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Marketing insurance with a rifle instead of a scatter-gun pays off

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Until a few years ago, many life insurance companies looked like "money machines." Agents sold the policies and their companies watched the money roll in.

But then high inflation struck. Insurance became harder to sell to financially squeezed consumers. Many of those insured borrowed money from their own policies at low interest rates. More people even let their insurance expire. The money machine began to break down.

So how does an insurance company get the machine running again?

Alvin Clemens believes the answer lies in the old maxim: "You can't be all things to all people."

Instead, Mr. Clemens, president of Academy Life Insurance Group Inc., says successful insurance companies should find a few narrow, specialized markets and aim their policies, sales, marketing, and service efforts at that group. Judging by Academy's performance, the man knows whereof he speaks.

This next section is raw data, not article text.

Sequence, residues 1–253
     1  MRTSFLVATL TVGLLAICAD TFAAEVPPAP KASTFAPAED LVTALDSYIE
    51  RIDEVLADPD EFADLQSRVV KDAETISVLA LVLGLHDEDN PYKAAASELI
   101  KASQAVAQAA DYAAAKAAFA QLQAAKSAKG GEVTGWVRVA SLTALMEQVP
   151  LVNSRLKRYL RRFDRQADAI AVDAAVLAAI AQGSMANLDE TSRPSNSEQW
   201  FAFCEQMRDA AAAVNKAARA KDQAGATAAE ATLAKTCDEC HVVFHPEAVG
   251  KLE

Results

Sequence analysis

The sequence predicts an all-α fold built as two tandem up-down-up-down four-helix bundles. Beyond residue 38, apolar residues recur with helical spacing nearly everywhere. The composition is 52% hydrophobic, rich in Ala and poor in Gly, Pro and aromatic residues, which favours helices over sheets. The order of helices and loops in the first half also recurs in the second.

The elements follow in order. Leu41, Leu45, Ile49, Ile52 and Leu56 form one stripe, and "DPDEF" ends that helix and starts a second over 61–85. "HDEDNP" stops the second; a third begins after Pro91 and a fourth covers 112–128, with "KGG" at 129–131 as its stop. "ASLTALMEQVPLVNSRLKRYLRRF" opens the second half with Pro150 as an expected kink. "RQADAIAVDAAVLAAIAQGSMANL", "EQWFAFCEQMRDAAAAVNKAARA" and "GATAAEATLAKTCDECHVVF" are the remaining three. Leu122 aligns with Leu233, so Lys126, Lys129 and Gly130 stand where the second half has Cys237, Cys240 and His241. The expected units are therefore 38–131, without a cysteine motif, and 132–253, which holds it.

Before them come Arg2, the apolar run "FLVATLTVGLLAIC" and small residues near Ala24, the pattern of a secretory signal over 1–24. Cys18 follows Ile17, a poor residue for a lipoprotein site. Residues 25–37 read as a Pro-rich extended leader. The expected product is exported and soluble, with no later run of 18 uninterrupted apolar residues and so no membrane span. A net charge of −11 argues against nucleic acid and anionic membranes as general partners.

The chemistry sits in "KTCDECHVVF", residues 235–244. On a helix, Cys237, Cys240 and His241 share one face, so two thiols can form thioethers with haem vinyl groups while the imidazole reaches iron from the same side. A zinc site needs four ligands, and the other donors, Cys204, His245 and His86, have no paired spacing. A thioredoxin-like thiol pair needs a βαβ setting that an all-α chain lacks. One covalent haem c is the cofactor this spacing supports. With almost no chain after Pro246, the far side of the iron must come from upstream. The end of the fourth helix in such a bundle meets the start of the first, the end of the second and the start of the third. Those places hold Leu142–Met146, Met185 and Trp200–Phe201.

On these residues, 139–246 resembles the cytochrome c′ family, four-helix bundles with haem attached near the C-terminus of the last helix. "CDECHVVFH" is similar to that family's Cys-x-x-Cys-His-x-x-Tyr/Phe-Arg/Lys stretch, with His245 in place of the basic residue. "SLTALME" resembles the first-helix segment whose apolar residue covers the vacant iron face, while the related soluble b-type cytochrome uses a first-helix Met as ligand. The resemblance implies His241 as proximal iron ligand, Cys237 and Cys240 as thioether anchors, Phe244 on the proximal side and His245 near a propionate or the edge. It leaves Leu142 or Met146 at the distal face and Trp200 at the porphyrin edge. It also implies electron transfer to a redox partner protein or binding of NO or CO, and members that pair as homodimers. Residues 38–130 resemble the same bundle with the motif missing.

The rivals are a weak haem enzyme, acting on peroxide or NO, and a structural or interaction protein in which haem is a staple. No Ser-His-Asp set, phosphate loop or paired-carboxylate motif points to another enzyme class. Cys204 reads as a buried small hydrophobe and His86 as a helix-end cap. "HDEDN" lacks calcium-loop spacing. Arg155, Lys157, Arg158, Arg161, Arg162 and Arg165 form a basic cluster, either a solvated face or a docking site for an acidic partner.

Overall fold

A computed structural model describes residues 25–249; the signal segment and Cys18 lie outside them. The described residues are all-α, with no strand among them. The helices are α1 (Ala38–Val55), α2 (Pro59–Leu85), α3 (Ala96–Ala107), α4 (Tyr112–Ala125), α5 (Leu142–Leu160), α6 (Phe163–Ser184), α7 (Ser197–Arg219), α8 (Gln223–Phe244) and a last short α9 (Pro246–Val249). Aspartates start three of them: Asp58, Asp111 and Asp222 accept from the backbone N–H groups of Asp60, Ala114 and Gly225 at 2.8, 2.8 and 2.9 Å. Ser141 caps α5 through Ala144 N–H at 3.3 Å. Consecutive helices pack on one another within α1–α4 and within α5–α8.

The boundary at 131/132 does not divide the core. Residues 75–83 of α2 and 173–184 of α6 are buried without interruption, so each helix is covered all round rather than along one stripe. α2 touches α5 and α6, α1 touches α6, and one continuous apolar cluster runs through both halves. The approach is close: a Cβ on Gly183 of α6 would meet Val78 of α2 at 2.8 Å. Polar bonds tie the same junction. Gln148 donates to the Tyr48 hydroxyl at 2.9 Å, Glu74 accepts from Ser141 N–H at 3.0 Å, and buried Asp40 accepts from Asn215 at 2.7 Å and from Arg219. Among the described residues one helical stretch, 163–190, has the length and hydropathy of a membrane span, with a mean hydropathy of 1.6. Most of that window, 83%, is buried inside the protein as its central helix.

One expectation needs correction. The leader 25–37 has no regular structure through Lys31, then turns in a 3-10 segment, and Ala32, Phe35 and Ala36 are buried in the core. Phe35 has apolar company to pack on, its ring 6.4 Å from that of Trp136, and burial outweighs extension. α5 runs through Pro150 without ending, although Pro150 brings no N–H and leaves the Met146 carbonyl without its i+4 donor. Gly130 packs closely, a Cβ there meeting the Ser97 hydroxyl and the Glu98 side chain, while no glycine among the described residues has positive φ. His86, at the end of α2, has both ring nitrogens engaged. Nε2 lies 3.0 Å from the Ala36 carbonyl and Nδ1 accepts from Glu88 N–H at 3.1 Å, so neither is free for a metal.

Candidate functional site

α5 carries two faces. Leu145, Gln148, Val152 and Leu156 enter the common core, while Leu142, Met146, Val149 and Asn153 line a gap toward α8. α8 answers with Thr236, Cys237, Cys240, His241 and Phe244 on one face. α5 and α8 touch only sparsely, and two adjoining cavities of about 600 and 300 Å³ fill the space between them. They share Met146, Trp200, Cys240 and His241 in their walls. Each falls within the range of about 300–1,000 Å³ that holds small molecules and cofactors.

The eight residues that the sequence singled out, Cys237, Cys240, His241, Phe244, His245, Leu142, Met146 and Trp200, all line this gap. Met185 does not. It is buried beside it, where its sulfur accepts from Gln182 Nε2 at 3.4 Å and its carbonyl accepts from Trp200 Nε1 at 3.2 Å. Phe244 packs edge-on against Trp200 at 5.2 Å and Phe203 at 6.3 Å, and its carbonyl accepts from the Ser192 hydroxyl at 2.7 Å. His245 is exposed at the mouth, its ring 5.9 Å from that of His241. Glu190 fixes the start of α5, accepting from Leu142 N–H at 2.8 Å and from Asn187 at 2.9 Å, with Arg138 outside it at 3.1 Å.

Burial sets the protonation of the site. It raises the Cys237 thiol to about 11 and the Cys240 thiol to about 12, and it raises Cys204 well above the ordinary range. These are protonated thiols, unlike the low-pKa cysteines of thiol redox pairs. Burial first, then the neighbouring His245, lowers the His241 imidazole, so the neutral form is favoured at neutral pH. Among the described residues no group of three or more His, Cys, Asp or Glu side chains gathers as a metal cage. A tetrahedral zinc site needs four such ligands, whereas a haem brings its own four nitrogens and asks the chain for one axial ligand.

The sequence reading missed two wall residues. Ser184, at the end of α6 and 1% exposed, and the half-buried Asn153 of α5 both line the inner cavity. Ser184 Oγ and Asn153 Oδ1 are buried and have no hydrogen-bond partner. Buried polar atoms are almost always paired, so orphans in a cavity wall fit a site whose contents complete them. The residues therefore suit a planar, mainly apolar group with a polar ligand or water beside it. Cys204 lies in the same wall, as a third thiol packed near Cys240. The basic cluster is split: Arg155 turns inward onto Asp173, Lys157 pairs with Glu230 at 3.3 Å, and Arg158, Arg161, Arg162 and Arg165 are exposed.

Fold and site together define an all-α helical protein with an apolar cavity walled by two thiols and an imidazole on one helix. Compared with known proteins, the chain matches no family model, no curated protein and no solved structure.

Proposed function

Last year his company wrote $1 billion worth of new life insurance policies, up 48 percent from the previous year. Net income increased 182 percent on revenues that were up 35 percent, to $32.5 million.

One reason Academy hit this financial bull's-eye, Clemens says, is that it aimed its efforts at noncommissioned officers in the military, specifically members of the Non-Commissioned Officers Association of the United States (NCOA) , and at veterans. The NCOs come from all service branches, Clemens says. In the Army, this includes corporals and sergeants, "career NCOs below the rank of lieutenant."


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